Walking the dog; yep pretty much everyone does it right? Well I wish that everyone did it but sadly many people simply don't. Lot's of dogs live day in and day out in their house and backyard, that's it, that's all. Sad. Every dog should get out at least 3-5 times a week for a great walk. I say 3-5 times a week because even my own old girls don't need a walk everyday. Sometimes everyday is too much for Tilley at 14 years of age and suffering from Vestibular disease. Often we just visit a park and sit, the getting out is important.
So, there are two types of walks we take with our dogs. One is the on leash walk, very important, good mental stimulus, time for training, learning to walk nicely on leash. Then there is the exercise walk, off leash, ripping and tearing around for the sheer joy of stretching your legs. Exercise is very important for dogs, even if they get two nice on leash walks, dogs have to get off leash to make it really count. That is; unless you are a runner or use a bicycle hookup or something like that.
Dogs who are never given the chance to run are really lacking in the muscle department. Running in an open field or at a park going in circles, deeking and diving, going after a ball etc uses different muscles than the just walking muscles. Dogs who are more muscled will fair better as they start to age and lose muscle due to the aging process. So using those muscles will help protect joints and keep everything nice and limber.
The old saying "a tired dog is a good dog," is very true, to a point. Sometimes a dog is too tired, maybe had too much stimulation or exercise so more is not always better when talking about exercising our canines. With all of the dog parks popping up many people pull up to the park, let the dogs go and sit and chat for hours at a time. A single hour at the dog park is a very long time to socialize and exercise for a dog. They can become over stimulated and exhausted. So short and sweet is the key to power exercising at the park. If the park is filled with powerhouse runners then let your pooch get out their ya ya's and then head for home.
If you are hiking in the woods then longer will work. It really depends on the workout that your dog is receiving as far as length of time. You must factor in other dogs, size, velocity, stimulus etc. etc. Sometimes our dogs get too much of a good thing and need more and more to become a tired dog. Think about marathon runners, when they started out they were probably exhausted by a mile or two but after a year or more of running they never tire. We want tired dogs at the end of the day. A dog who settles in the evening, maybe watches some tv and then has a nice sound sleep.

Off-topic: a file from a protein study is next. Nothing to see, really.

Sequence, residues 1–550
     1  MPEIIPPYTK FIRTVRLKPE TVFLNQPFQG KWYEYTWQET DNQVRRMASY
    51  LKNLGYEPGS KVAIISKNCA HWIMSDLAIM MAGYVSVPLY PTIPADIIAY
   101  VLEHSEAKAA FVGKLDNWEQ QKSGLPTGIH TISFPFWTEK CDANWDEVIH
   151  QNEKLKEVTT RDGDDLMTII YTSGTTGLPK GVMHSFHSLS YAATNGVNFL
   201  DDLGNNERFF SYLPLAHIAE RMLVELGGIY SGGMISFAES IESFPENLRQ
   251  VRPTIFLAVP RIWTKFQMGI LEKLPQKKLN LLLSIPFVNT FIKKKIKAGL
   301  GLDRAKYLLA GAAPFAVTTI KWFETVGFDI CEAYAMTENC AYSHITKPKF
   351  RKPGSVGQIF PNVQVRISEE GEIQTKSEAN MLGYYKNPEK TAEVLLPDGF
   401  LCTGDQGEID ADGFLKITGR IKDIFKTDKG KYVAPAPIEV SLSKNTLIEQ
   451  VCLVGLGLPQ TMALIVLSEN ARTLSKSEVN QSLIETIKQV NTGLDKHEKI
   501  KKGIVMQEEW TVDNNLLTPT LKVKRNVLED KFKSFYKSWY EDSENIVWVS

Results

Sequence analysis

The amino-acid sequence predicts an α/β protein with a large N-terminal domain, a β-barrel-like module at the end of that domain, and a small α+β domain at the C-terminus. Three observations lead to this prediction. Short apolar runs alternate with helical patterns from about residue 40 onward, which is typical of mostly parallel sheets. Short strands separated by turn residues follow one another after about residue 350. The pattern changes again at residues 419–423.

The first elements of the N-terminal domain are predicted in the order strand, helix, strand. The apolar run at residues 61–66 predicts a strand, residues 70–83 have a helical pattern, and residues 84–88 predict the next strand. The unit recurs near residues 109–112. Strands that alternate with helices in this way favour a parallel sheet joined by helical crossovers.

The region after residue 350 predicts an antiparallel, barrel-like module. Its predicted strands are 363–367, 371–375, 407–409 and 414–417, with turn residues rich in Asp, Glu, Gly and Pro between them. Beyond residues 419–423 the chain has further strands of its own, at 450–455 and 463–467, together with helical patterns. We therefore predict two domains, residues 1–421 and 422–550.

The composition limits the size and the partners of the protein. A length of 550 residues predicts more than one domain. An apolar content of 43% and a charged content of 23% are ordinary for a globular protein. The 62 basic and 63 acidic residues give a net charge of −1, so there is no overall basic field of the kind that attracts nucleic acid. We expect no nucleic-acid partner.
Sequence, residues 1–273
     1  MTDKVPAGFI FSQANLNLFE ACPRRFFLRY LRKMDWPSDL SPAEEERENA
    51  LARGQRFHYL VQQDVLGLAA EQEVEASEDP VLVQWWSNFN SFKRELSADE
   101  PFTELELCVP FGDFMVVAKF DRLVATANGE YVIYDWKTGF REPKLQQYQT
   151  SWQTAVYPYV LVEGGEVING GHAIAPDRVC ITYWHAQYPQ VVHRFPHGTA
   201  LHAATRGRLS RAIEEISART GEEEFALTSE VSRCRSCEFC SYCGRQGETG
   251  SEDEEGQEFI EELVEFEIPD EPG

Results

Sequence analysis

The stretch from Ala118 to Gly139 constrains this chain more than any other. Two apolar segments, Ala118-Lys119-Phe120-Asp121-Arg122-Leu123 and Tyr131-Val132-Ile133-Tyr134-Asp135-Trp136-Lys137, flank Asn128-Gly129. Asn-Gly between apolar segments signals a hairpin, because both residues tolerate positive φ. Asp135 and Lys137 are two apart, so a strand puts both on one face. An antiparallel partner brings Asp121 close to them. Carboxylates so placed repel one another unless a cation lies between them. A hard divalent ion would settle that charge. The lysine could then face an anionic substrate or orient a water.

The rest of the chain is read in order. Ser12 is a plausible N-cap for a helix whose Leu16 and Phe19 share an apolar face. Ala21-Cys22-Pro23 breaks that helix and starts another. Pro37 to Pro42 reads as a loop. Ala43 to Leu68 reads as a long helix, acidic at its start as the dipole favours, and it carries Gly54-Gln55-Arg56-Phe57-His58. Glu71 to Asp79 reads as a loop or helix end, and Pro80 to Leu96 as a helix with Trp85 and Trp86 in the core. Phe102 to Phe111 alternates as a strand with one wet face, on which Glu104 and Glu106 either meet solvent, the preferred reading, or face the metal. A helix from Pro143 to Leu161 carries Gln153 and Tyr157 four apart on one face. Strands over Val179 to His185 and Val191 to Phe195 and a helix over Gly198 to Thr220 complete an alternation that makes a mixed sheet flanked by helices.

The more controlled walk, the on leash walk is just as essential. Dogs who are only ever off leash and allowed to run wild have a very hard time dealing with the structure of a walk. Way back when Luke was young we had a field that we frequented to allow the dogs off leash. When we would get to this field Luke was very unruly and was not interested in listening. This field meant fun to him, it had nothing to do with behaving properly or structure. So we turned that around in a hurry. We would get to the park and go through our obedience. I would regularly practice long down stays, with each dog while the other participated in ball or frisbee. This was amazing training and perfected "you only go crazy when I say you can go crazy," idea.
Variety is the spice of life; I tend to become bored quickly so like to switch it up a lot. Sometimes a leash walk at the beach is far more exhausting from all the sights, sounds and smells than an off leash run at a familiar park. And then there are other times when a good ole run is all that is going to do it for a particular day. There is nothing better in life than watching a dog run for the sheer joy of running. In my life with my dogs running is very short and sweet, a big burst and then walking. But when they were young, what joy they took in running. Ears flying, tongue flying and hearts soaring.
So get your walk on.